Tumultuous times, indeed. America’s political parties are both under a heavy state of duress, with non-establishment candidates shaping the narrative of this election cycle. As of this writing almost eleven million people have voted for Donald J. Trump in the Republican primary, which has resulted in him being the presumptive nominee. Bernie Sanders, while not appearing to be in a position to win, has created far more noise than anyone had anticipated. As of this writing around nine million people have voted for him in the Democratic primary.
While the popular vote totals are rarely referenced or brought up in America (since they technically don’t count; that’s another conversation for another time), I feel they are very important in order to provide some context to what is happening in this country right now.
Obviously, Bernie Sanders and Donald Trump are extremely dissimilar candidates, philosophically. Sanders self-identifies as a democratic socialist, while Trump is a wild card that appears to be aligning with most traditional Republican positions. However, one common thread they share, as I’ve discussed here before, is that they’re both anti-establishment. Their existence and success is based completely on the fact that large portions of their respective parties have had enough of the status quo, for varying reasons.
Now, it’s real easy for people on any side to belittle supporters of either candidate. In Trump’s case, his nativist slant and acerbic, acidic discourse doesn’t bode well for someone who’s supposed to be considered the Leader of the Free World. Regarding Sanders, it’s easy to point out that a number of his stated goals are extremely unlikely to occur in an American governmental system that is engineered to resist drastic change, by design.
For supporters of both, there’s a large backlash that is trying to tell them they’re crazy, that they’re supporting a candidate that can’t deliver what they’re promising. They’re being told that they’re not seeing the bigger picture, that they’re not considering all the issues, that they’re not understanding why they’re wrong.
The point I think we need to understand is this: more than twenty million people have case a primary ballot for a non-establishment candidate, and we’re not finished. That is a significant number of people; it’s more than 40% of people who cast a primary vote among both parties.
Whether anyone likes it or not, at least twenty million people are fed the fuck up with something. Whether it’s immigrants, corporate welfare, regressive trade policies, or punitive tuition cost, people are pissed. More people are pissed than there has been in quite a long time.
All this anger and resentment didn’t come out of nowhere. There’s a great number of reasons for it, mainly because there are a great number of reasons for the anger and resentment. Corporate hegemony, an inconsistent and weak economy, the continuing regression of the middle class caused by middling wages and rising costs of living, the overall corruption of our government (and how obvious it is at this point). Lots of these causes have simmered and boiled over the last few decades, and now we’re at a point where shit happens.
This is the bed we made. This is the country we live in. This should not be surprising.
If your national media is allowed to focus its efforts on what’s good for money instead on what’s good for news, what you get is a national media that doesn’t inform the public sufficiently, or at worst misinforms the public with outright lies or out-of-context facts that are meaningless. We could have cared, but we didn’t. We ate it up and asked for more.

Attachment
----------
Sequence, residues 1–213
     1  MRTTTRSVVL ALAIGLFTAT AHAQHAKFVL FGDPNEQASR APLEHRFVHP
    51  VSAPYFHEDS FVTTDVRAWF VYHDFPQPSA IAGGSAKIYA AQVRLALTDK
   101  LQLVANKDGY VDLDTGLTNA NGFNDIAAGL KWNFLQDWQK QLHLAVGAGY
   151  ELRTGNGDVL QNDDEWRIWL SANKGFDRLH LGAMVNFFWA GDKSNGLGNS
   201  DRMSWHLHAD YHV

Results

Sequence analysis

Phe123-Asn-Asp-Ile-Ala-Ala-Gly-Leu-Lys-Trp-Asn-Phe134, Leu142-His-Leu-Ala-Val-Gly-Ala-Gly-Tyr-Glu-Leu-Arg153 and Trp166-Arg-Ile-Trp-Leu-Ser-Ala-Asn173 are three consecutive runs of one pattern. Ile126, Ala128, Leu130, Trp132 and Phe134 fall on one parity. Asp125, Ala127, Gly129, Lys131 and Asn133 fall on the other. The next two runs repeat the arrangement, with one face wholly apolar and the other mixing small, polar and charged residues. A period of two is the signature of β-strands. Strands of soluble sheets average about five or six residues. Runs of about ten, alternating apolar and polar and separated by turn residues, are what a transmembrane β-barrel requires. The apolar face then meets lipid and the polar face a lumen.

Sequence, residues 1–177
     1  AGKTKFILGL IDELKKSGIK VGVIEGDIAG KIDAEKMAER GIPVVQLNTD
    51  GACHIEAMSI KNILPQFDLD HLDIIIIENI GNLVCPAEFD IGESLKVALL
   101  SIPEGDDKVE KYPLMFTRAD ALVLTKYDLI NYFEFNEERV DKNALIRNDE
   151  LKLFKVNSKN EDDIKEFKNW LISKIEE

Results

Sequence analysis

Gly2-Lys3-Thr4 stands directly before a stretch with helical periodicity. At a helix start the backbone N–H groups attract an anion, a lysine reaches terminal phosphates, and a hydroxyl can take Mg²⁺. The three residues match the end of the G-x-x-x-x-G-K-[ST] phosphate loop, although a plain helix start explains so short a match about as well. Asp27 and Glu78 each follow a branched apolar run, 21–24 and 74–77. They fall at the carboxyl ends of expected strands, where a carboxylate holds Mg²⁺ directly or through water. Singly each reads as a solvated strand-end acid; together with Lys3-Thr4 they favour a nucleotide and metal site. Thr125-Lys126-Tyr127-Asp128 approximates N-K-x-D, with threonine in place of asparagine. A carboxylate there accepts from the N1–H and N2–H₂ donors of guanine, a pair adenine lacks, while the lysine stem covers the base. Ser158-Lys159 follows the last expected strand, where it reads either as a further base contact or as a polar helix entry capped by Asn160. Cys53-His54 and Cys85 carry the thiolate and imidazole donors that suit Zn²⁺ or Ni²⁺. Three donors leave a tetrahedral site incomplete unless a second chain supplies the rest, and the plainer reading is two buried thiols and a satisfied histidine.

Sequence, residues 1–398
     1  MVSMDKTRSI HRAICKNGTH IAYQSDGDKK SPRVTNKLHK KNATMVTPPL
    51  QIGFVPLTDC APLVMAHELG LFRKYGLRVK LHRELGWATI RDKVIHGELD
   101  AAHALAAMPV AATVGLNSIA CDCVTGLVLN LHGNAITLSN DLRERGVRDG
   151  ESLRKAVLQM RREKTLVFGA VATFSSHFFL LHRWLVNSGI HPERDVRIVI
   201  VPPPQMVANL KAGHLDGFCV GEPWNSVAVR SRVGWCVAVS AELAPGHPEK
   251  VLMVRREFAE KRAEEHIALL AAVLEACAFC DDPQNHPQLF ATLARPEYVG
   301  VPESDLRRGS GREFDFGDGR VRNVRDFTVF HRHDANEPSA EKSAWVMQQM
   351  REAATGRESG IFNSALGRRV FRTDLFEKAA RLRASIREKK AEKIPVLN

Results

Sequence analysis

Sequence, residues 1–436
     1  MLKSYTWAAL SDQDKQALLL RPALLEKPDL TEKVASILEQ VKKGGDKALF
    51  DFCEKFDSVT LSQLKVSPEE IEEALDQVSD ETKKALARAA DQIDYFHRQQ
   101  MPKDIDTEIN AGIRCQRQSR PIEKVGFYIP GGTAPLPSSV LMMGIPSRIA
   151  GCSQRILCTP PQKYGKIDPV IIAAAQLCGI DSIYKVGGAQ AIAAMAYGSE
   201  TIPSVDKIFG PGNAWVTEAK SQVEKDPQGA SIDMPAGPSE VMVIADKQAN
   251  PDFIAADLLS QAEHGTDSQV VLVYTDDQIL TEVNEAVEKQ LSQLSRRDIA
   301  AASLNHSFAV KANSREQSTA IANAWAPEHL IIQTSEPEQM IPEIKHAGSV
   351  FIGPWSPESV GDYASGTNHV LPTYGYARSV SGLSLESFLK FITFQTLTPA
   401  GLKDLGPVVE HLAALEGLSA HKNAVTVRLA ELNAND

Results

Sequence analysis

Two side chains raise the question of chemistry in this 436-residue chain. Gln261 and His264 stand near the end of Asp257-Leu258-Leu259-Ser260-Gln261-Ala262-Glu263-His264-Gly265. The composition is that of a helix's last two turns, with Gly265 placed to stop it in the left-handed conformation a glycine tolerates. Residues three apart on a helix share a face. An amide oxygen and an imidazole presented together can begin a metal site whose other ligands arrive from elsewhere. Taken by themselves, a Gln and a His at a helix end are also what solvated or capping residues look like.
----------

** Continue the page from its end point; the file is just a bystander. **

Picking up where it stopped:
If we don’t speak up when the banks are allowed to buy each other and become too big to fail, then we run the risk of those banks making bad deals and needing a bailout. We could have cared, but we didn’t. We gave them that money and hoped they won’t do it again.
If we thought it was wrong for our government to lie to us so they could rationalize a war, we could have said something, demanded an impeachment, demanded to hold those responsible culpable. We could have cared, but we didn’t. We sent our sons and daughters and hoped it would be worth it.
If we thought that politicians and government officials were corrupt, we could have said something. We could demand term limits, we could disallow corporate donations to campaigns. We could have cared, but we didn’t. We watched our government become bought, and hoped it would work out.
Now, we’re caring. All this fire and anger is good for us. There’s arguments about whether the outcome of all this is going to be positive, but I have some faith. And I don’t have faith in much.
The good news is that throughout history, when people finally get pissed and passionate about politics, things change. Either we get so angry that we revolt, or the systems will change to serve the new demands. One thing is certain: something will change. It’s usually for the better, in the end.
I feel like I need to make a note and underline it here: I am not supporting Trump as President. My primary vote went to Bernie Sanders, and my general election vote will likely go to Hillary Clinton. In a lot of contexts though, it won’t matter who’s President. The principal issues with our country and our economy are beyond the President’s power anyways. The Senate and the House, however, will react, and whoever the President is will too. They’ll have to.
The long-standing pillars of our democracy, the Democrat and Republican parties, will change. To resist it is to invite death; that is a universal truth that cannot be avoided. People have spoken, they will continue to speak until they are made whole.
As crazy and weird as it looks right now, this is democracy in action.